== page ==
This Is What Happens When a Nuclear Plant Shuts Down
Plans to close an infamous plant were just announced. Such closures can be devastating for local economies -- even more so than when mining and manufacturing ceases to exist in a town.
There’s at least one thing worse than having a nuclear power plant in your town. That’s having your nuclear power plant shut down. On Tuesday, Exelon Corp. announced it will close the Three Mile Island plant, the site of the worst nuclear disaster in U.S. history, in 2019.
For obvious reasons, nuclear power plants were mostly built in fairly remote places, away from population centers. But they’re big facilities, with highly paid staff. When one of them closes, it can leave enormous holes in the local tax base. The closure in 2014 of the Vermont Yankee plant in Vernon, Vt., led to an overall drop in economic activity to the tune of $100 million. There aren’t a lot of other employers in the area to make up anything like that sum. As a result, taxes have shot up. “We saw roughly a 20 percent property tax increase last year,” says town clerk Tim Arsenault. “and we’ll likely see the same thing this year.”
The story is similar in other communities where plants have shut down. A decade or two later, taxes are up and the population is down. Communities that have relied on a single employer for decades suddenly have to rethink their economies. In certain ways, that’s harder than similar efforts in areas that lose their main manufacturing plant or have an extractive industry taper off. Nuclear workers are highly skilled in a specialized field. Rather than getting retrained to do something else, they simply move away. That affects the tax base, Arsenault says, and leads to a loss of human capital.
On top of that, the fuel rods are generally left behind. That makes recruiting new residents and companies a strain. “Not only do you not have the economic benefits,” says Melissa James, director of economic initiatives at the San Luis Obispo Chamber of Commerce in California, “but you have all the environmental impacts.”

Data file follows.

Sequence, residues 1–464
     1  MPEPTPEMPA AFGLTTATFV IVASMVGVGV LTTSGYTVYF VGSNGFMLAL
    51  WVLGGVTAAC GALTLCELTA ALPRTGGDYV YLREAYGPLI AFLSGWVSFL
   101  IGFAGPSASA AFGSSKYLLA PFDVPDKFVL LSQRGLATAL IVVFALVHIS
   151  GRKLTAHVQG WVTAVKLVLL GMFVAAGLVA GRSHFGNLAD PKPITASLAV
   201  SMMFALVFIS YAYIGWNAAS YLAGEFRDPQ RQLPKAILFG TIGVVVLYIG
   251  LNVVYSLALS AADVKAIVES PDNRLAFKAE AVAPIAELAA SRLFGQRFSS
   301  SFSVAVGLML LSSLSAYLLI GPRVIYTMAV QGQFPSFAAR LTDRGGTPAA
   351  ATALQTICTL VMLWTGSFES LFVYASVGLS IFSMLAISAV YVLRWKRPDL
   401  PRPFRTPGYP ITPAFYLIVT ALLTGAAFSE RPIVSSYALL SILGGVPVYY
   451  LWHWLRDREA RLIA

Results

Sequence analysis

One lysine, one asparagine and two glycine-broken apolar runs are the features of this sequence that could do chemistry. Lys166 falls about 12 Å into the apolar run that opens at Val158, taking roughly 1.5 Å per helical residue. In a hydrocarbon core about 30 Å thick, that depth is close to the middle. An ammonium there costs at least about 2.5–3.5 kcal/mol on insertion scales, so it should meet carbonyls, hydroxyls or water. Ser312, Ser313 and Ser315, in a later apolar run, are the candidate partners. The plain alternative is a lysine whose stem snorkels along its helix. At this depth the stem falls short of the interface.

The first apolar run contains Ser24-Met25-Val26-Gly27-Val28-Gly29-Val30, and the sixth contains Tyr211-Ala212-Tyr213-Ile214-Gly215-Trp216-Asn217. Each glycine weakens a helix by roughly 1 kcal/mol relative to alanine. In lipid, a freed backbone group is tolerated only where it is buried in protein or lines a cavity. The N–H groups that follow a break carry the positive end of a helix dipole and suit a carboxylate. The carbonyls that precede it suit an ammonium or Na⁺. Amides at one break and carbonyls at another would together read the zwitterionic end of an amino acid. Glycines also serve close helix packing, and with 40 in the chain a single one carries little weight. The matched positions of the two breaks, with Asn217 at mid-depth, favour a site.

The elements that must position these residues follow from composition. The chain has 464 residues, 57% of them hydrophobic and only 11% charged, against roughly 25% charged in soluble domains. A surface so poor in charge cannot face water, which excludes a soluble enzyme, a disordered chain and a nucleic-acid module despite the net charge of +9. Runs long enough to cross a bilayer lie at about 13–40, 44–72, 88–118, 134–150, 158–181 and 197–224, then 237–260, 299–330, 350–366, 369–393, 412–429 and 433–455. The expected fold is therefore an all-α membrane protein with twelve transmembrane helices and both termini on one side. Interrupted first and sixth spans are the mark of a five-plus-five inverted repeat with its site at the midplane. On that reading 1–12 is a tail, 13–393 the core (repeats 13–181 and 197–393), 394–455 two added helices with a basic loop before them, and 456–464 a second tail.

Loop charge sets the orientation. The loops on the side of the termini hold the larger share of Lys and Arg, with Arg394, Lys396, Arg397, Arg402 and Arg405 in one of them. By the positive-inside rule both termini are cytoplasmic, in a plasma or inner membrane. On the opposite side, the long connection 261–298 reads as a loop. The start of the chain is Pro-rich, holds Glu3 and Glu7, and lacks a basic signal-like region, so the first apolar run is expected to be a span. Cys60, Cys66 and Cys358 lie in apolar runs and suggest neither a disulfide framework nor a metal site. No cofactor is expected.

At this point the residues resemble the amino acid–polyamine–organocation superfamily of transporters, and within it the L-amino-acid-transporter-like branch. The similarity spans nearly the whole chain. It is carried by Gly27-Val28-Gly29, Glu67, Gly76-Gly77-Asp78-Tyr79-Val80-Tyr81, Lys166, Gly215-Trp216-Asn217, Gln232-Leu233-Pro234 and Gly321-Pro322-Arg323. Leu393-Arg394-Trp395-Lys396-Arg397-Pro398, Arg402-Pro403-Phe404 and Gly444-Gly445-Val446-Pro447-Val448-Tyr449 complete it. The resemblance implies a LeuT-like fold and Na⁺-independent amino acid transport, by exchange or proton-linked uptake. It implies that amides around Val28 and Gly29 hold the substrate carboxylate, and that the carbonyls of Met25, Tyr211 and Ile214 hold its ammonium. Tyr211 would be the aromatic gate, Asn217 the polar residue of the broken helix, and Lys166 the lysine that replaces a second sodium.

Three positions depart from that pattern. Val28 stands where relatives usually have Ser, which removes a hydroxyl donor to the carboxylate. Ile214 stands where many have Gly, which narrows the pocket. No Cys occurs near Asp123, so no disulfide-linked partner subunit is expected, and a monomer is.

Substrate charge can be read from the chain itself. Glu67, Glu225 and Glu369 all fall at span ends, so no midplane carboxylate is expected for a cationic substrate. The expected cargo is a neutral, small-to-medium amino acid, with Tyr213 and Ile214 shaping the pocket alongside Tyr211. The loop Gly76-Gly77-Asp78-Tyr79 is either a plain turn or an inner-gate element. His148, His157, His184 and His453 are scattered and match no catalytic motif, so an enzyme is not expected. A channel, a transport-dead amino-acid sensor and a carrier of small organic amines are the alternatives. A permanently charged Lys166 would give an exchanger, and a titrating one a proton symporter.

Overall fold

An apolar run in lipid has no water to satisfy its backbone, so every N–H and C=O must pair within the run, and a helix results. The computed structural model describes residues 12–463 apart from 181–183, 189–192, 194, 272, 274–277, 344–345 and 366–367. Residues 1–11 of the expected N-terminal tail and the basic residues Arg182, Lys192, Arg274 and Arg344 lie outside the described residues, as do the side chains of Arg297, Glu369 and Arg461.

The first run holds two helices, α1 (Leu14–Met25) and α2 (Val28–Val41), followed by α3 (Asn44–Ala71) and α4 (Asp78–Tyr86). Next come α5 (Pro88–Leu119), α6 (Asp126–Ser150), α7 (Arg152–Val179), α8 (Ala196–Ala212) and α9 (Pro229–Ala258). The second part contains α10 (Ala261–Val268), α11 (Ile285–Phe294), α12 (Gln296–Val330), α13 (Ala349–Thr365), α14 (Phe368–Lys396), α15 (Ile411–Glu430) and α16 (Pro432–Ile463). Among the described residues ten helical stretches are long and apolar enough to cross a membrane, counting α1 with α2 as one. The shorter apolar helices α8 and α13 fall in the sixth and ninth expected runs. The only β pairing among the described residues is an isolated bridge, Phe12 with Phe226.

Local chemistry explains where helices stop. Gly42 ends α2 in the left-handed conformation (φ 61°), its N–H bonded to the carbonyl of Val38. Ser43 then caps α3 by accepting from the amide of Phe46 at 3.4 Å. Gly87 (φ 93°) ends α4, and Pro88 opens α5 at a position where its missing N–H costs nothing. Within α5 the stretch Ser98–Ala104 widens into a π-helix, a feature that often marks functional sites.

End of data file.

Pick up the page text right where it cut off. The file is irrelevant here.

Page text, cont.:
Last year, Pacific Gas & Electric, the main utility company in California, announced it was shutting down the Diablo Canyon reactor near San Luis Obispo. The city is luckier than many communities. It is home to a university and a thriving wine and tourism industry. The power plant makes up about 8 percent of the local economy -- a big chunk, but not the mainstay that nuclear plants have been in other places. Also, the plant won’t be shut down until 2025, which is more notice than most places get. Local officials now talk a lot about having a “runway” for implementing changes. “Diablo’s definitely a big part of the economy, but if we can do things to help the other sectors grow, we have a shot,” says Lee Johnson, the city’s economic development manager.
The city and county of San Luis Obispo convened local governments and other affected parties to plan together. That’s an encouraging start, says Jennifer Stromsten, program director at the Institute for Nuclear Host Communities, which consults with regions that lose their plants. These regions have to fend for themselves, she explains. They don’t get much help from the federal government or their states.
It’s a challenge. Most towns with nuclear power plants aren’t used to doing long-term strategic planning. Whatever their environmental risks, nuclear power plants are such good providers that local governments in their areas haven’t had to think about the economic realities that hit some of their neighbors years ago.
Such towns should start thinking about their reality changing sometime in the foreseeable future, Stromsten says. They may not get as much formal notice as San Luis Obispo, but they need to be aware that the local plant is bound to shut down someday. “They all close,” she says. “They all do. That’s how they’re designed.”
*This story was originally published in the June issue of the print magazine and has since been updated.